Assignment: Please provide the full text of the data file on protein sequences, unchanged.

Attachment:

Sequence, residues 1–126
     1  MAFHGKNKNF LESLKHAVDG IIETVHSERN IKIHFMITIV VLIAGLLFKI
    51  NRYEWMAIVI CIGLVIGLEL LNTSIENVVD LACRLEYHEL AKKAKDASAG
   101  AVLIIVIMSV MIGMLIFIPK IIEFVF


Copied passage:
Sequence, residues 1–126
     1  MAFHGKNKNF LESLKHAVDG IIETVHSERN IKIHFMITIV VLIAGLLFKI
    51  NRYEWMAIVI CIGLVIGLEL LNTSIENVVD LACRLEYHEL AKKAKDASAG
   101  AVLIIVIMSV MIGMLIFIPK IIEFVF